Abstract: For nearly 40 years, engineers, researchers and scientists from the nuclear industry across the World have been trying to understand the behaviors of deposition, bounce and re-suspension of heavy, radioactive particles suspended as a dilute secondary phase in the cooling circuits of primary reactor systems. The aim is to understand the mechanism of transport and deposition of such particles through large, complex geometry systems, so that the risk of dispersal of radioactive particles may be assessed, and confirmed to be acceptably small both in closed containers and in the atmosphere in the case of an accident scenario. The first part of the present work addresses the challenge of robustly and efficiently predicting the behaviors of rigid and spherical particles (referred to as heavy particles) within turbulent boundary layers, the underlying physics of which is the controlling factor on particle deposition in smooth pipes and ducts. In the second component of work we study the deposition and bounce of heavy particles suspended in turbulent flows across heat exchanger tube banks, using Large Eddy Simulation (LES). It was originally proposed to extend the boundary layer work to this application, but it was quickly identified that the deposition mechanisms here are governed by the high core flow turbulence, rather than boundary layer phenomena, so that LES provides the only realistic modelling approach. In both cases the dispersed heavy particles are expressed in a Lagrangian framework solved in an independently developed large-scale parallel code; whilst the fluid phase is described in an Eulerian framework, either based on correlations from published Direct Numerical Simulation (DNS) for the boundary layer models, or from Computational Fluid Dynamics (CFD) simulations for both the boundary layer and tube-bank models, making use of the unstructured-grid based Navier-Stokes solver ANSYS FLUENT. Underpinning this work we implement a complete stochastic Lagrangian particle tracking module, based on a robust and efficient particle localization algorithm which can determine and update the cell containing each particle as the particles move through an unstructured finite volume grid overlying the flow domain. The module can handle correctly the interactions of particles with complex boundaries, and uses a novel numerical scheme for interpolating the carrier-phase velocity field seen by the particles from cell-centred values obtained from CFD computation. It implements a Gear three-level implicit scheme to compute the particle velocity, which is more robust, accurate and efficient than the conventional explicit and implicit schemes. The module has been fully parallelized using MPI (Message Passing Interface) settings on a Linux cluster consisting of 20 single CPU node, and further been successfully integrated with both the steady and unsteady ANSYS FLUENT solvers, complete replacing the built-in Lagrangian particle tracking model provided by ANSYS FLUENT. The algorithm and numerical schemes have been validated against analytical solutions of particle transport in a two-dimensional straining shear flow and other cases. For turbulent boundary layer flows, a simpler but more promising stochastic quadrant model, inspired by the discrete random walk model of Kallio and Reeks and the quadrant analysis of Wu and Willmarth, is developed in order to account for the effects of near wall large-scale coherent structures, e.g. sweeps and ejections, on particle transport. The input parameters for the stochastic quadrant model are educed from the corresponding statistics obtained from a Large Eddy Simulation (LES) of a fully developed channel flow. The model is applied to the prediction of deposition of heavy particles in a turbulent boundary layer; both using a Kallio and Reeks correlation based model of the flow, and also a Reynolds-Averaged Navier-Stokes (RANS) flow solution of using ANSYS FLUENT, the latter flow model having the potential to be extended to complex duct geometries. These solutions are compared to those of by solving an alternative Langevin equation of Dehbi, or continuous random walk model, which satisfies the fully mixed condition and describes the fluid velocity fluctuations seen by heavy particles. Prior to the current work no systematic investigation of the potential errors in particle deposition in turbulent boundary layers due to the modified hydrodynamic forces experienced by particles when very close to the wall has been carried out, possibly because of the complexity of the correlations involved. The effect is explored with the present stochastic quadrant model, using recently published composite correlations of Zeng and Balachandar for the particle drag coefficient CD and lift coefficient CL for near wall particles. This work provides an important first confirmation that for practical cases hydrodynamic effects can reasonably be neglected for particle deposition in turbulent boundary layers. The boundary layer methods developed in the first part of this thesis are applicable to the prediction of heavy particle deposition in fairly complex duct geometries, but are shown to be inappropriate for flow over tube-banks, where the boundary layers are no longer the rate limiting feature. Consequently the parallel Lagrangian stochastic particle tracking model is extended to study the particle impaction efficiency on tube banks in a turbulent flow in the framework of Large Eddy Simulation (LES). The flow field, obtained from Large Eddy Simulation with the dynamic Smagorinsky sub-grid scale model within ANSYS FLUENT, is fully validated against existing experimental data. As far as the dispersed particle phase is concerned, the energy losses when particles impact on and generally, but not always, rebound from cylinders within the tube-bank is taken into account using an empirical critical-impact velocity model. The efficiency of particle impaction is measured for particles of three Stokes number, and the results are compared with existing experimental data.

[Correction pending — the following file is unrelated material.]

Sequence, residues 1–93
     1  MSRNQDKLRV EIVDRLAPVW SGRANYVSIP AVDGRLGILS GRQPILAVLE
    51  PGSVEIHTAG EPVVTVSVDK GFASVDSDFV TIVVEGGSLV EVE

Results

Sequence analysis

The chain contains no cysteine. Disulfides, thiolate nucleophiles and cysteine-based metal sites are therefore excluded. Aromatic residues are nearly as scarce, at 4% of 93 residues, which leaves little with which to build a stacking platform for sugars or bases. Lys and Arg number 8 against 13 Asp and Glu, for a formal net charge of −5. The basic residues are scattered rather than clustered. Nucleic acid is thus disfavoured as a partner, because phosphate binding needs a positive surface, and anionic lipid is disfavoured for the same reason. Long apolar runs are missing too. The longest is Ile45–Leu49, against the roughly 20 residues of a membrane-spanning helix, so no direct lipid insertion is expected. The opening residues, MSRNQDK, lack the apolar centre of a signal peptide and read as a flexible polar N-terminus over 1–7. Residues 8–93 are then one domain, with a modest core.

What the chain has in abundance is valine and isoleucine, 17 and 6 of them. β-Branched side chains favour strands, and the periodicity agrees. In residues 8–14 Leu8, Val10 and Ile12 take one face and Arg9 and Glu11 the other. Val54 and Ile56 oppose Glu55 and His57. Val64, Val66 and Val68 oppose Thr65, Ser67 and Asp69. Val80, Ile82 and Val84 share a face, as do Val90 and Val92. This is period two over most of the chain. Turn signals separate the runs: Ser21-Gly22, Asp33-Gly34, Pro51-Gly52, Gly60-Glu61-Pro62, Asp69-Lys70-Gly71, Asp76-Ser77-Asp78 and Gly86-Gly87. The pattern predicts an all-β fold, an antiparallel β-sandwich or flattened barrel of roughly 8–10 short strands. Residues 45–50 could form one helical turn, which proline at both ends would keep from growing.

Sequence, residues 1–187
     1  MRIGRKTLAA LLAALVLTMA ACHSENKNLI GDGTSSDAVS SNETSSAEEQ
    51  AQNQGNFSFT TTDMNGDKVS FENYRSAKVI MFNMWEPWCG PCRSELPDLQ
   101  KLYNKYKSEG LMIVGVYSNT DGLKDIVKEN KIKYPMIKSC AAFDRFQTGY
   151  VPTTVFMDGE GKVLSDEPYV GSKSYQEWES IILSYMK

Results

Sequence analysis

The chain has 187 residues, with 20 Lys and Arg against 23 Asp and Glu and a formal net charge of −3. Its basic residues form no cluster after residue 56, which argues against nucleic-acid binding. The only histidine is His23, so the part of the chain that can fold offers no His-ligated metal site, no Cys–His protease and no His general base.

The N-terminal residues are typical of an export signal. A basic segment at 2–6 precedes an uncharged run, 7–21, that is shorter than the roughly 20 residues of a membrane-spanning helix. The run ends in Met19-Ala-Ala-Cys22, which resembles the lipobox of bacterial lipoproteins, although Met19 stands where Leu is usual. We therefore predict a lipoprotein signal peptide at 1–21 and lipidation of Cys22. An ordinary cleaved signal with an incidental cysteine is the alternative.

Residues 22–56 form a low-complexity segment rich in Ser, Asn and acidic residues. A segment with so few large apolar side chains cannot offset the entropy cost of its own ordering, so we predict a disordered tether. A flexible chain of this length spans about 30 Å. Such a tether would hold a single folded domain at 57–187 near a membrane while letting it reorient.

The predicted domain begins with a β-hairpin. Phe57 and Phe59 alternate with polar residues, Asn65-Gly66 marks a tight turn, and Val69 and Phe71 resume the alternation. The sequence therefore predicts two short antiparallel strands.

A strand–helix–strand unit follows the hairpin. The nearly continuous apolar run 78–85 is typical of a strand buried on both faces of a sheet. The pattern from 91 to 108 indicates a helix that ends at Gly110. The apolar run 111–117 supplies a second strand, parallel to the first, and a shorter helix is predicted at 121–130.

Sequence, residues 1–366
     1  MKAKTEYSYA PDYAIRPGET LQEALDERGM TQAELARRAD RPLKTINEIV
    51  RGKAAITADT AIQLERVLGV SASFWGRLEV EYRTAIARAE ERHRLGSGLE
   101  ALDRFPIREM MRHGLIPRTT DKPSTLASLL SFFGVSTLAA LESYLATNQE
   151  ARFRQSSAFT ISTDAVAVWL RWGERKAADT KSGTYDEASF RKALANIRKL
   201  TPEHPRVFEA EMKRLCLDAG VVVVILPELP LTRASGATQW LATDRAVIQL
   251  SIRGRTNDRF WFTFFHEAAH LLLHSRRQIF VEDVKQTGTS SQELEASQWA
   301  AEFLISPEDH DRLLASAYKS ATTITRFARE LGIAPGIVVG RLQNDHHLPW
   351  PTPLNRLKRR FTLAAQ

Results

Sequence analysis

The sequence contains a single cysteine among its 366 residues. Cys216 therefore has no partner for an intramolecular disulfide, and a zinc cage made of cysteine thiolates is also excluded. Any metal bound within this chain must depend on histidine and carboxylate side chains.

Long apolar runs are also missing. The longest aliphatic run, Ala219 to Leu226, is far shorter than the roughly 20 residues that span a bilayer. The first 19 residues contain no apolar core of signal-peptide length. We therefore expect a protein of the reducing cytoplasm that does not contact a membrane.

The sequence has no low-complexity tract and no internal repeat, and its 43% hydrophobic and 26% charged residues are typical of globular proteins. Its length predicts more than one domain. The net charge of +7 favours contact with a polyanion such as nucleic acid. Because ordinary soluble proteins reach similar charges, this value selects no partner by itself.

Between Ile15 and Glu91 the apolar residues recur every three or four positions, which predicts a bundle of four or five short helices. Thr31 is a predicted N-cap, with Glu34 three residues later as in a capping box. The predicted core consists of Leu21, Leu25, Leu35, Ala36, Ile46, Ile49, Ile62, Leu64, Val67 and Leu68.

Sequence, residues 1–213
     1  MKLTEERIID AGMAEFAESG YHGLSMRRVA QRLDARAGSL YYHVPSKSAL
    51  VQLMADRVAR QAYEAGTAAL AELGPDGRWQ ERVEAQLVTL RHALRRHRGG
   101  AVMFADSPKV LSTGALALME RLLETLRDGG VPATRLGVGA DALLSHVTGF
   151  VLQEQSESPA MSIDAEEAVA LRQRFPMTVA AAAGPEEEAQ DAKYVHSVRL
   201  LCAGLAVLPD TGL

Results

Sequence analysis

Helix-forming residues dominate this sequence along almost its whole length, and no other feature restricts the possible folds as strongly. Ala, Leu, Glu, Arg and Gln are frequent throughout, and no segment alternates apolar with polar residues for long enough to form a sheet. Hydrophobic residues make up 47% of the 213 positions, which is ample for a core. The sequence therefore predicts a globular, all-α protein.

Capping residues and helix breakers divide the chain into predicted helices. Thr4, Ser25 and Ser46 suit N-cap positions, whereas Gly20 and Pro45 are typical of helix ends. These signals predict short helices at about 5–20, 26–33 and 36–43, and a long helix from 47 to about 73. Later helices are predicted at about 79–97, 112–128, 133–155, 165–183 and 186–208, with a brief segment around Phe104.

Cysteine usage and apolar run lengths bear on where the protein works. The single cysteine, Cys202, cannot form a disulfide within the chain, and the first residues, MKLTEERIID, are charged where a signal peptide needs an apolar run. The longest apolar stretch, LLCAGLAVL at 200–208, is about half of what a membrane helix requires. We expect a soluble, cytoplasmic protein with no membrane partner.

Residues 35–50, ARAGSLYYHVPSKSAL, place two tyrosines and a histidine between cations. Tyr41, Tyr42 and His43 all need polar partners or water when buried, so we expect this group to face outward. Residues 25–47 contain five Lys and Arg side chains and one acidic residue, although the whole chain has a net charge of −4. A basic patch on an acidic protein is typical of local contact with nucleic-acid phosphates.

Description: PhD Thesis
Appears in Collections:School of Mechanical and Systems Engineering